July 31, 1998
DAVE SENKO: Glen, 64 including, I guess, on 3 and 5. Maybe just recap your day.
GLEN DAY: I made a good up-and-down on 2, and 3 hit driver, 3-wood short of the green. And I was about, oh, 15 steps short of the green and hit a good chip, happened to go in. Then got around to the next par 5 and hit driver 2-iron and just got lucky; must have hit a hard spot in the fairway. It ran all the way back to about four feet, made it.
DAVE SENKO: How far was it?
GLEN DAY: 2-iron I was about 250 to the hole. Then parred the next hole. Then hit good 5-iron or 5-iron in on 7. Birdie. Good shot on 8. Pulled my drive on 9 again in the left rough, chipped out, made bogey. Hit a really good 4-iron to about ten feet on ten or fifteen feet on 10, made that for birdie. Bogey at 14. Hit it in the water at 14. That was pretty stupid. Just didn't hit it solid and cut it, went in the water. Hit 2-iron. Got up-and-down for bogey. Then I hit a little 9-iron really close about five feet on the next hole which was good and made that. Then I hit driver, 3-wood about eight feet on the par 5, and lagged it. That was terrible. Made birdie. Then I hit 5-iron really good on 17, about 15 feet behind the hole. Lagged that. Just to make sure, so par. Then I hit 5-iron on 18, pin-high about 15, 18 feet right and happened to -- the hole got in the way.
DAVE SENKO: How about on 7, how far was your putt on 7?
GLEN DAY: Oh, about eight feet.
DAVE SENKO: And your chip on 3, how far would you say?
GLEN DAY: Oh, about 20, 25 steps.
Q. How far was the 4-iron -- I mean, the 2-iron on 5?
GLEN DAY: I don't remember. I think I had like 250 to the hole and 220 something to the front.
DAVE SENKO: Do you remember the last time you hit two eagles in a round?
GLEN DAY: No. I don't make a lot of eagles. So, no. I don't know if I have ever had two eagles in a round.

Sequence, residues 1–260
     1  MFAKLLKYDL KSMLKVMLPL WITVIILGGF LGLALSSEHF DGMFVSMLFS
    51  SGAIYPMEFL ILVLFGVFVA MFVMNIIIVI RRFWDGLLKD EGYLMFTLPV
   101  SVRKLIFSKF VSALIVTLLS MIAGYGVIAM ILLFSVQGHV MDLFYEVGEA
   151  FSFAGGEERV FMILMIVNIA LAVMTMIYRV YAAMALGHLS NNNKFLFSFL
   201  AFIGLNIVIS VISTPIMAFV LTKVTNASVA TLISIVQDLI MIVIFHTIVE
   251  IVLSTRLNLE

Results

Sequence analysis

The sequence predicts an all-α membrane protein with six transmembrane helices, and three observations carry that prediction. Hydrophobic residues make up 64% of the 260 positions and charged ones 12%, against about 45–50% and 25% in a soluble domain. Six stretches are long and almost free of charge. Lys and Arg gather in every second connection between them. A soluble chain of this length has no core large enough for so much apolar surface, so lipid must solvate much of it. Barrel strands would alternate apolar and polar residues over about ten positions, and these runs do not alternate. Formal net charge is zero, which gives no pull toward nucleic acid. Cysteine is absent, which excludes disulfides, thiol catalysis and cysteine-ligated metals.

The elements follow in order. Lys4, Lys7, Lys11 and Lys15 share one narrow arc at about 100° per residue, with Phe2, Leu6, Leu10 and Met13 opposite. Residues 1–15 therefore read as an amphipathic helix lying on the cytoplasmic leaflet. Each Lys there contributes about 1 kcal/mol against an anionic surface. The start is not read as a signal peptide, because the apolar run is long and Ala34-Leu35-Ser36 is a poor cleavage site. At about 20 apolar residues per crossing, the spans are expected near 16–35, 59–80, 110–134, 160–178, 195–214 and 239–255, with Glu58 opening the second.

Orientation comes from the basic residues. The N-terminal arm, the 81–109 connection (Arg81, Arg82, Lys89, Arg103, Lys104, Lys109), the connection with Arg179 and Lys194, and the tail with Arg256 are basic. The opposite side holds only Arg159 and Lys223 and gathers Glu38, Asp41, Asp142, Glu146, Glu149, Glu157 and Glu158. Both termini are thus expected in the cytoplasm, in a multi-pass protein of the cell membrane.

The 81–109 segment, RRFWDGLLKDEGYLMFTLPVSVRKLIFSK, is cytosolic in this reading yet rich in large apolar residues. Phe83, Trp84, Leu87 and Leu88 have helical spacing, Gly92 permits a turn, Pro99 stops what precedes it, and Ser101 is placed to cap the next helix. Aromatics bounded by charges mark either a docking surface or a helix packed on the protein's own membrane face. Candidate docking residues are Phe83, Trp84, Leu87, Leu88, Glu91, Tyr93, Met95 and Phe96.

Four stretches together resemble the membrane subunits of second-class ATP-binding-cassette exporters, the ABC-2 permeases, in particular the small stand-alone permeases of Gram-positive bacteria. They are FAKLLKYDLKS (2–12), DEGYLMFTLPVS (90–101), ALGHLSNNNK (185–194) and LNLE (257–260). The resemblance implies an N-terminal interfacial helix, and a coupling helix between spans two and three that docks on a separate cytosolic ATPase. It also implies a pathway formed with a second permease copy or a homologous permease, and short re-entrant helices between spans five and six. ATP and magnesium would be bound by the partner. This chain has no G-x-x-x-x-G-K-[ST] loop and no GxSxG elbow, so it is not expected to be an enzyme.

Q. Do you feel like this is a home course for you considering Little Rock and Ole Missi --
GLEN DAY: Not really a home course, but you feel like you are playing more at home than other places. There is a lot of people here from Little Rock. There is a lot of people that I know who live here in Memphis, you know, so I am seeing a lot of people that I don't get to see a whole lot. And some people that I do see coming over from Memphis-- mean from Little Rock. So it is fun. I get to see a lot of people that I don't see. For me, it is good because I don't concentrate so much on my golf or worrying about playing good or bad because as soon as I hit a shot I am saying hello to somebody. So, it is good for me. I enjoy it.
Q. There is so many people around here that claim you, Ole Missi, Little Rock... Can you give us your two-minute version of why this is and maybe just a little chronological order of which way you went?
GLEN DAY: I group up in Popperville, Missippi. Went to Ole Missi for three years; went to Oklahoma -- University of Oklahoma where I graduated. My wife is from Hot Springs, Arkansas. When we got married, we moved to Little Rock. That is under two minutes, how good is that?